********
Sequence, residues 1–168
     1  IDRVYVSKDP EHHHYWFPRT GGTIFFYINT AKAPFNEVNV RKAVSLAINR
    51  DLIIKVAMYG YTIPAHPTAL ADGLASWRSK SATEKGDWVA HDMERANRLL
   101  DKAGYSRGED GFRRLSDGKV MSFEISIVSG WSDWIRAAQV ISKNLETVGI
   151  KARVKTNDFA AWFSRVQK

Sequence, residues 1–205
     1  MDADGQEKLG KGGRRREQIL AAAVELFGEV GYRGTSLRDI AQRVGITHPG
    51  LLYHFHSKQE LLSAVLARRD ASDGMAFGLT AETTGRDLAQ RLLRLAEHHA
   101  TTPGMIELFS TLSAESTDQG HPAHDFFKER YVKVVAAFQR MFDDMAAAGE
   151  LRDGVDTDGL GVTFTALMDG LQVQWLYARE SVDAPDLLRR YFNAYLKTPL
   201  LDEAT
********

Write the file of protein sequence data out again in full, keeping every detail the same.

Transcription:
Sequence, residues 1–168
     1  IDRVYVSKDP EHHHYWFPRT GGTIFFYINT AKAPFNEVNV RKAVSLAINR
    51  DLIIKVAMYG YTIPAHPTAL ADGLASWRSK SATEKGDWVA HDMERANRLL
   101  DKAGYSRGED GFRRLSDGKV MSFEISIVSG WSDWIRAAQV ISKNLETVGI
   151  KARVKTNDFA AWFSRVQK

Sequence, residues 1–205
     1  MDADGQEKLG KGGRRREQIL AAAVELFGEV GYRGTSLRDI AQRVGITHPG
    51  LLYHFHSKQE LLSAVLARRD ASDGMAFGLT AETTGRDLAQ RLLRLAEHHA
   101  TTPGMIELFS TLSAESTDQG HPAHDFFKER YVKVVAAFQR MFDDMAAAGE
   151  LRDGVDTDGL GVTFTALMDG LQVQWLYARE SVDAPDLLRR YFNAYLKTPL
   201  LDEAT